Chairman Harper opened the NCUSIF review with these words:

For nearly 40 years now, the NCUA has earned an unmodified opinion for the audits of its funds. This sustained achievement underscores the NCUA’s commitment to transparency, accountability, sound financial management, and the careful stewardship of the resources entrusted to the agency.

NCUSIF is the only federally managed insurance fund to require an outside independent CPA audit.  GAO audits the FDIC and the FSLIC– when it existed.

An important difference is the establishment of a loss allowance account following GAAP accounting standards.  The process took three years (1982-1984) for NCUSIF’s reserving process to be independently  validated by the auditors with a clean opinion.

Harper then stated: As a regulator, we need to hold ourselves to the same standard that we expect of the credit unions we oversee.

The Chairman’s commitments to “transparency” and following “the same standard we expect of credit unions” could be critical if followed through with actions on topics raised by his fellow board members.

Hauptman on Investment Policy

After noting the NCUSIF’s sound performance, he made the following comment:

The National Credit Union Share Insurance Fund is a mutual asset — both reported and controlled by the NCUA and an asset reported by the credit unions. Credit unions are required to supply the majority of the fund’s equity through a 1-percent contribution of their insured shares. Just like any credit union board, the NCUA Board has the responsibility to regularly review its investment strategy . And for the sake of transparency and clarity, to do so at an open Board meeting.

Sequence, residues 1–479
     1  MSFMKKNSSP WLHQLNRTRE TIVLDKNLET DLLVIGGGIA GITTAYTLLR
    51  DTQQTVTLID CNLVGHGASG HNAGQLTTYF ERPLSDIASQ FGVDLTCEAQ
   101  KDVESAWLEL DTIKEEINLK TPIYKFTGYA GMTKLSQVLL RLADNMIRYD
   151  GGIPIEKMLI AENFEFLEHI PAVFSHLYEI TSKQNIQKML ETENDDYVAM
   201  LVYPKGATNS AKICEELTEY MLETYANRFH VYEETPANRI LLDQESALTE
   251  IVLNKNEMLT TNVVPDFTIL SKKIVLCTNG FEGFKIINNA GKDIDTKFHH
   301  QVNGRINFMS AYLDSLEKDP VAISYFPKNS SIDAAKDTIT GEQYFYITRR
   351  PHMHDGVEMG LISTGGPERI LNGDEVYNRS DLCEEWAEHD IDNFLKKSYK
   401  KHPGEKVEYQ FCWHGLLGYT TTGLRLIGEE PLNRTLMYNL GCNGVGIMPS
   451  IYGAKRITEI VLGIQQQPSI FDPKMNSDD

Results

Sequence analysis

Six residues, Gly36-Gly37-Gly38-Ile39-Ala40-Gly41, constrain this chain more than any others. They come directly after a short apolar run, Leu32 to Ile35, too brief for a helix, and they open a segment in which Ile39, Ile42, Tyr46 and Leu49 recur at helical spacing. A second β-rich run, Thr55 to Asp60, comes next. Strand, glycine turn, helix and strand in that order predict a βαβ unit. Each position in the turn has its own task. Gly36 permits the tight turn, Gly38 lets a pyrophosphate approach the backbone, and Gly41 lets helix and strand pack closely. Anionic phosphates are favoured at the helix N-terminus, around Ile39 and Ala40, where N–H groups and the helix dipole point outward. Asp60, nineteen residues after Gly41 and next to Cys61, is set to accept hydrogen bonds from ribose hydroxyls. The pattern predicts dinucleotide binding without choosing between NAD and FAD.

He asked questions about the fund’s current investment approach and how to respond to “critics” of recent decisions.   The NCUSIF investment policy last updated in 2013,  is  now being posted with the audit. Hauptman committed to “working with my fellow Board Members on reviewing and updating the investment policy soon.” 

I believe credit unions should also comment on the policy, especially the fund’s duration management.  In the last seven years the NCUSIF portfolio’s weighted average  life (duration) at yearend was reported as follows:

2021 – 1,306 days

2020 – 1,204  days

2019 —   971   days

2018 —   901   days

2017 —   951   days

2016 —  1,864  days

2015 —  1,815 days

Under one policy, these numbers show a 100% change from the lowest 2.5 year duration, to 5.1 years.  Staff maintains this was just maintaining a consistent ladder, not timing the market.

In 2021 the investments robotically followed a seven-year ladder that extended the duration when the interest rate cycle was at an historically low point.

Effective investment management is critical to the fund’s operational design, but also, as Hauptman noted, for credit union confidence in NCUA’s oversight of their 1% asset.  If the policy is updated for more effective monitoring and performance, this could be an important improvement. The sooner the better.